Game developer - Level Designer - Environment Artist - Author - Tutor - 15 Years of experience with Unreal Engine 1, 2, 3, 4
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About : This tutorial will explain how meshes are rendered in a lot of real time engines such as Unreal Engine 2.
Target Audience : Everyone
Platform : While this tutorial is universal and applies to a very wide range of games, engines and platforms this tutorial will be primarily focused on Unreal Engine 2. That however does not mean it can only be used for that platform, plenty of Playstation and Xbox games work in similar ways.
Last Update : August 2006

Basics


In the UT2003 and UT2004 community there has been a common misunderstanding for years that using the same mesh dozens of times in the same level is faster for the PC to render than unique meshes. That entire misconception has been based on a bit of incomplete information that was released years ago. The truth is that it is a whole lot more complex than “if you reuse meshes it will be faster”. It can actually be a performance killer if you reuse too much.

You first of all have to understand there are two big players in this whole system: The memory and the CPU/GPU. The entire system is based on a balance between these two elements. The incomplete information that was once released only applied to the memory! It told people that if you reuse meshes the meshes will be instanced and thus the mesh had to be loaded in the memory just once which is of course faster for the PC.

That is completely true but it is also only half the story. It only mentions the memory and not the very important CPU/GPU.The CPU/GPU has the most influence on the framerate, not the memory. The memory can make things run smoother, the CPU/GPU makes them run faster.

Before meshes are rendered they are cut up in pieces. Dependent on how the render code was written there are several techniques but in most cases and in the case of both UT2003 as 2004 it renders per material.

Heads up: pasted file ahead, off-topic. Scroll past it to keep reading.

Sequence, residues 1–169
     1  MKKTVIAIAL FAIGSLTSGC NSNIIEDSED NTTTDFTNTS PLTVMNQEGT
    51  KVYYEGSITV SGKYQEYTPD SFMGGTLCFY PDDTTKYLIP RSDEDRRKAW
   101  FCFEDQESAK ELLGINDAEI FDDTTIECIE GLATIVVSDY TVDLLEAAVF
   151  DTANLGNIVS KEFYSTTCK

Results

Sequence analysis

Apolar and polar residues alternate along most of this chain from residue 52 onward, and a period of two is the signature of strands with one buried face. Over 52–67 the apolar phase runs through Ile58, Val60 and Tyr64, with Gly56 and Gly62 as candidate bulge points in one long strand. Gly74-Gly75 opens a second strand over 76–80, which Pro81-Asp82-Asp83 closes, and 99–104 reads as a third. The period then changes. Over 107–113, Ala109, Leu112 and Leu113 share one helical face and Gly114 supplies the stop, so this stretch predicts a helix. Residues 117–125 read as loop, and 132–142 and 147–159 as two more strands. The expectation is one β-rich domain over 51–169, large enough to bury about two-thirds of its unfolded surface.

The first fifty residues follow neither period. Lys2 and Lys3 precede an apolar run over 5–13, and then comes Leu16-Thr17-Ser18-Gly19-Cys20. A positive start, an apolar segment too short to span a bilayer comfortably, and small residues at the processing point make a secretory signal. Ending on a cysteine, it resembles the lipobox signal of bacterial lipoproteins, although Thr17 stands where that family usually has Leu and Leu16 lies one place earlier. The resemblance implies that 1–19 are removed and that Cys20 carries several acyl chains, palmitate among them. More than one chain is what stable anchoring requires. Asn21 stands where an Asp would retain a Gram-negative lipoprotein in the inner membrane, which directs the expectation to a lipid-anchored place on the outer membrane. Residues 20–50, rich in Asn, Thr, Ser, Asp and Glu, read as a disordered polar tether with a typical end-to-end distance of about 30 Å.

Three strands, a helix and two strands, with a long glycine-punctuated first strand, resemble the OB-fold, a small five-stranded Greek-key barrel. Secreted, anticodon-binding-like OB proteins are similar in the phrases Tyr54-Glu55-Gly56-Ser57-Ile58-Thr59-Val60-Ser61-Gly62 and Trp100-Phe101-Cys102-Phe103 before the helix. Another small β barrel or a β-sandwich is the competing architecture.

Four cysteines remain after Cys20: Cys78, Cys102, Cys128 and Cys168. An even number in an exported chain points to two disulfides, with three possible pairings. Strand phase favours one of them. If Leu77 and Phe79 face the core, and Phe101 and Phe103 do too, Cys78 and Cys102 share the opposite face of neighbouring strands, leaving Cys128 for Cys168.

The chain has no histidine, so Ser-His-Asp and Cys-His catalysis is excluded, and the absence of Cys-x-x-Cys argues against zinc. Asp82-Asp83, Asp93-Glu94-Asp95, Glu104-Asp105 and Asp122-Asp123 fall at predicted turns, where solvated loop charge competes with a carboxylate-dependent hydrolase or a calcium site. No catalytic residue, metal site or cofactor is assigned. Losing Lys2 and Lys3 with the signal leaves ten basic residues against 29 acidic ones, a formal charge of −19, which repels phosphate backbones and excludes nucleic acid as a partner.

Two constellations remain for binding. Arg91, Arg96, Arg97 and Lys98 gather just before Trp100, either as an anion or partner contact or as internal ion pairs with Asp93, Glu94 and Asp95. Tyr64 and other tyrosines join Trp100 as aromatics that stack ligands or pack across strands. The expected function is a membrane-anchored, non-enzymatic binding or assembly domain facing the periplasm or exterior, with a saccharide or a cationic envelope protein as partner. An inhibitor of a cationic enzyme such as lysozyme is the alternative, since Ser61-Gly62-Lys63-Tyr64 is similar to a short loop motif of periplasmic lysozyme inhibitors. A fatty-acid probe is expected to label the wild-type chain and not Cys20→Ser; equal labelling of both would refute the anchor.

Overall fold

That means that if you have a cube with only one texture applied it will process and render the entire cube at once.
However, if the same cube has two different textures applied the engine needs to cut it up and first render all the triangles with texture A. and then all the ones with texture B. That extra step is considerable slower than if there would only be one texture the CPU/GPU has to work with. It cannot render two types of triangles at the same time. Everything that is rendered must first be nicely sorted. That sorting and dividing in to groups/sectors require power and time.

However, that is still only half the story. In the case of UT2003/4 every mesh must also be rendered separately. That means that if you have two identical cubes which both have texture A. applied the engine will render the first cube, wait until it’s completely processed and then render the second cube. That are two steps for the CPU/GPU.

Sectors


Sounds slow already? We’re not finished yet…If you have two identical cubes and each cube has two different textures applied the engine has to render four things! Two textures/sectors per cube and two cubes in total. It has to call on the engine, make a cue and wait for the previous item to finish four times and that is slow.

Every material and every mesh is a sector and every sector has to be drawn on its own!